Joe Bryant and his famous son, Kobe, have made remarkable turnarounds with their respective basketball teams.
The former, affectionately called Jelly by his players (an ode to his playing-days nickname, “Jellybean”), guided the Tokyo Apache to a 27-17 regular season in the bj-league, a season after the injury-plagued squad lost 28 of 40 games.
And now a wild-card postseason game awaits the Apache. Sunday’s foe is the Niigata Albirex BB (26-18), a team that beat Tokyo in four of six regular-season contests and previously utilized the services of do-it-all big man Nick Davis, who joined Tokyo in the offseason.
Tipoff is set for 3 p.m. at Tokyo’s Yoyogi National Gymnasium.
The latter, whose oeuvre of highlight-reel moves that defy the laws of physics, magazine covers, three championship rings and otherworldly athleticism have made him one of the greatest basketball players on the planet, has transformed himself from a frustrated vocal critic of the Los Angeles Lakers front office to a key ingredient in the Western Conference champions’ quest for a fourth title under the tutelage of the Zen Master, Phil Jackson.
Oh, boy, the two have had plenty of things to discuss in the past few months, and now the elder Bryant can continue to tell his son about the overall development of his club into a championship-caliber club.
The Apache are the bj-league’s hottest team entering the postseason.
Want proof? Tokyo’s nine wins in its past 10 games will raise the blood pressure of any opposing coach. In this case, that man is the Albirex’s Masaya Hirose, who has guided his team to the playoffs in the previous two seasons.
Like a gifted sculptor working in his studio for weeks without end, Bryant has crafted a similar masterpiece in his studio of choice, the basketball court.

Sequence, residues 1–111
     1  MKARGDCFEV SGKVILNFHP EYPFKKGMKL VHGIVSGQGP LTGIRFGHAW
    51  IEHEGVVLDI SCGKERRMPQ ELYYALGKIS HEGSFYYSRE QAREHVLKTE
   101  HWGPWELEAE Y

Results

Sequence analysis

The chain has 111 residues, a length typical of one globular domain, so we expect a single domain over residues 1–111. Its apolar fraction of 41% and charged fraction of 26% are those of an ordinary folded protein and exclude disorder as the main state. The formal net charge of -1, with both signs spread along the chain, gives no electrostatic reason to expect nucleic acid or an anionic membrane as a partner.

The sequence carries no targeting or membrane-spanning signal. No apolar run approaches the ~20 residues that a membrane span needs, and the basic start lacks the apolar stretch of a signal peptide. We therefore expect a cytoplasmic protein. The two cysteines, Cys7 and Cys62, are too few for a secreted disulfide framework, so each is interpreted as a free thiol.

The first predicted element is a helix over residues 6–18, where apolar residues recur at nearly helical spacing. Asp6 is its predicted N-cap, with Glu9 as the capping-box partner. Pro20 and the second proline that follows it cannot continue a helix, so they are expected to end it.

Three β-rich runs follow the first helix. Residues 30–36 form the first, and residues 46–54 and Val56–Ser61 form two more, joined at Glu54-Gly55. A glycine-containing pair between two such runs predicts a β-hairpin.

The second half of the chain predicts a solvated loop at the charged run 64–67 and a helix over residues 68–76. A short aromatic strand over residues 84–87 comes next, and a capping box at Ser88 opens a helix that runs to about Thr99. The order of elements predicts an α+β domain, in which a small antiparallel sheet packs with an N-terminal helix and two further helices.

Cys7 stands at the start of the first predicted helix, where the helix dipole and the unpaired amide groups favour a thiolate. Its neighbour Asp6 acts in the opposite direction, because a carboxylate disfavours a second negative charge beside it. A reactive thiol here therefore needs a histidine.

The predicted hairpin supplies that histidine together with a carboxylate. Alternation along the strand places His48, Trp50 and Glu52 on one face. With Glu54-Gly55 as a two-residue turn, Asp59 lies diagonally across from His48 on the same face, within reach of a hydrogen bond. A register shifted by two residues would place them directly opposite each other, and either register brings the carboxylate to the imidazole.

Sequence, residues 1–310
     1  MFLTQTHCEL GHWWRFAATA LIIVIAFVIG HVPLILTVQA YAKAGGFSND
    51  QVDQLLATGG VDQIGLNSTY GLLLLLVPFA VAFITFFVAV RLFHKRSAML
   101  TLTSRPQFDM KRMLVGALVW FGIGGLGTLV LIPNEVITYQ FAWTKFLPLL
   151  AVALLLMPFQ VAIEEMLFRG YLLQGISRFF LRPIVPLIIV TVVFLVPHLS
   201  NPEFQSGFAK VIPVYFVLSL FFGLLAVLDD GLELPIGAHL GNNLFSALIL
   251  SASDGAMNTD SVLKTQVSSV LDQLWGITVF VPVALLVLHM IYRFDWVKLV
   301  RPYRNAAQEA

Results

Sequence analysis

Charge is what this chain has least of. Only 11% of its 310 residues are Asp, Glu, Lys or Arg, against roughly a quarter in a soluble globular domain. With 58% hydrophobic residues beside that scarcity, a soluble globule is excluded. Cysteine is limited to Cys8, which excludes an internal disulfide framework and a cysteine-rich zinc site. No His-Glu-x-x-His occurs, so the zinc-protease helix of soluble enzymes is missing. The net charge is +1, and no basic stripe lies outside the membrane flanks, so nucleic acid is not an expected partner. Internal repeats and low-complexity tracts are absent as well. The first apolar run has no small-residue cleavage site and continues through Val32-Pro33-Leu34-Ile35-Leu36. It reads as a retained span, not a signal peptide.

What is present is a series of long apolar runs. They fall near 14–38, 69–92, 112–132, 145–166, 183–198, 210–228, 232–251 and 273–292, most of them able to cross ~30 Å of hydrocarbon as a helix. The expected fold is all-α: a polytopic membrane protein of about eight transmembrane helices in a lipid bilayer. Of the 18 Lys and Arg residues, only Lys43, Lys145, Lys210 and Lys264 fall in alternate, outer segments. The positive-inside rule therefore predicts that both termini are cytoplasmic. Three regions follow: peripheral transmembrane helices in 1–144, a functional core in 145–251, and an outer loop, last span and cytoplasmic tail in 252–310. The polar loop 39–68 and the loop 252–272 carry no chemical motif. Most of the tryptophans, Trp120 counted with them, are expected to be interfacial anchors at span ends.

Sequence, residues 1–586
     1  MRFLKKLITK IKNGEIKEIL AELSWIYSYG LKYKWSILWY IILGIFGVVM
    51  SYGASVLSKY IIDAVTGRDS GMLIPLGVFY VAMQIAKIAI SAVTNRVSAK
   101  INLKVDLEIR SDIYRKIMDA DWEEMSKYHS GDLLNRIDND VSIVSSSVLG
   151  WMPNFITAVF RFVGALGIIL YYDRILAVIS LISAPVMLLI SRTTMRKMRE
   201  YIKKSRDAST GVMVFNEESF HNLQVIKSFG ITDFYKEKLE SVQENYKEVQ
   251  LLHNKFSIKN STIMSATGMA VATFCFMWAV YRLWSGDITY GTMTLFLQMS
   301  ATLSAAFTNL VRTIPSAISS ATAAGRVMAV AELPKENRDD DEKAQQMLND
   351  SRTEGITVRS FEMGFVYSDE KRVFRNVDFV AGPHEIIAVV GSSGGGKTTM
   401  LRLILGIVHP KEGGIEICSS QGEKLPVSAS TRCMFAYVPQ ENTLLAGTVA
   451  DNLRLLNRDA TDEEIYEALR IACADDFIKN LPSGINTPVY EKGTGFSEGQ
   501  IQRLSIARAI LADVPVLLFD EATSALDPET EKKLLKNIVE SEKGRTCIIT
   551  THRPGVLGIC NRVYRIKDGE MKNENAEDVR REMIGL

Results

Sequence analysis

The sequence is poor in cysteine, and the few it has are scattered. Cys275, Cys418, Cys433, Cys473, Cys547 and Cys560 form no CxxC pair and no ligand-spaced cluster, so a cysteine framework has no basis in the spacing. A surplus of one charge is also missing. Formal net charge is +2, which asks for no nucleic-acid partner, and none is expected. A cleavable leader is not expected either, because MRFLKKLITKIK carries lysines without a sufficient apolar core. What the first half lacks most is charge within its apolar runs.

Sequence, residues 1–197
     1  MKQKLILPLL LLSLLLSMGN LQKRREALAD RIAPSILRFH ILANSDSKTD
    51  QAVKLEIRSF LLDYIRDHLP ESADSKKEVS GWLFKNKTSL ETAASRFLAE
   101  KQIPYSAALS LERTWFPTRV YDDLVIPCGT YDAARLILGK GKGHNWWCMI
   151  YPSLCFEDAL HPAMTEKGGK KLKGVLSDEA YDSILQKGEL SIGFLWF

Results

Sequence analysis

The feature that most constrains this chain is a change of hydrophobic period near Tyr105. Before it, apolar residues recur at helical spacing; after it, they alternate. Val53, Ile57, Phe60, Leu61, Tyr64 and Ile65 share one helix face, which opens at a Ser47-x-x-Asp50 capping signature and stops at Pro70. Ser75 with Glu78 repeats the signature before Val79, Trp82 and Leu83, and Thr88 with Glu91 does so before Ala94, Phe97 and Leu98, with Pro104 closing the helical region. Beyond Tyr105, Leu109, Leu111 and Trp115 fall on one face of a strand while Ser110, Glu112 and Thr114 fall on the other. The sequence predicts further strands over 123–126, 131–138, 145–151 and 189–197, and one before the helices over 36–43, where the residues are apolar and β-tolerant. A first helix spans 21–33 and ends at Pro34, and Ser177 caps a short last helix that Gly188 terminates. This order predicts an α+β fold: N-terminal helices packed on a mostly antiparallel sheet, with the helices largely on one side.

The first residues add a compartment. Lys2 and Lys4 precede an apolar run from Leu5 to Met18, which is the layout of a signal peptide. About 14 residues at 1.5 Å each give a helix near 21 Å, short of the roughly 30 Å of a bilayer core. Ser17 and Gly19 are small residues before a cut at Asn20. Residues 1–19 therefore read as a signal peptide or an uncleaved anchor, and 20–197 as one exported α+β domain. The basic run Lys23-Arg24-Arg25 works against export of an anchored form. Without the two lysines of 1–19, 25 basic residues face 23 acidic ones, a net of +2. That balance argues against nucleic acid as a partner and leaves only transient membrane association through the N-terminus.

To begin with, Bryant opted to switch All-Star guard Cohey Aoki from his customary starting point guard position to the team’s sixth-man role.
Aoki has thrived in that role, and the team has benefited from it. He remains a dangerous weapon for the Apache, having scored 30 or more points in six games.
“With Cohey coming off the bench, teams are forced to have to match up their personnel with ours,” Bryant said. “And I don’t think there’s a team in this league that can match up with him.”
Now Aoki is explosive, well-rested and dangerous as a scoring option for the Apache. And he teams up well with backcourt mate Jun Iwasa when they enter the game together.
Veteran point man Darin Satoshi Maki, a third-year Apache player, has provided steady, not flashy production after moving into the starting lineup down the stretch. He finished with 95 assists, 44 turnovers and 52 steals.
The addition of Masashi Joho, a two-time title winner with the Osaka Evessa before joining the Apache in the offseason, is a quality slasher with the ability to jump-stop and bury a jumper from anywhere on the court.
Joho’s speed with the ball in his hands is a sight to behold. He zooms through the lane and weaves through traffic, as well as any player in the league.
“In the offseason, I want him to work on understanding how to use his speed,” Bryant said of Joho. “He doesn’t always have to go 100 mph . . . By saving his energy, picking his spots, he can become a more dangerous player.”
Forward Jumpei Nakama has made a strong return to the rotation, regaining the lateral quickness and stamina he possessed before suffering a torn anterior cruciate ligament last February. Nakama worked vigorously to rehab the knee and rejoined the starting unit two months ago.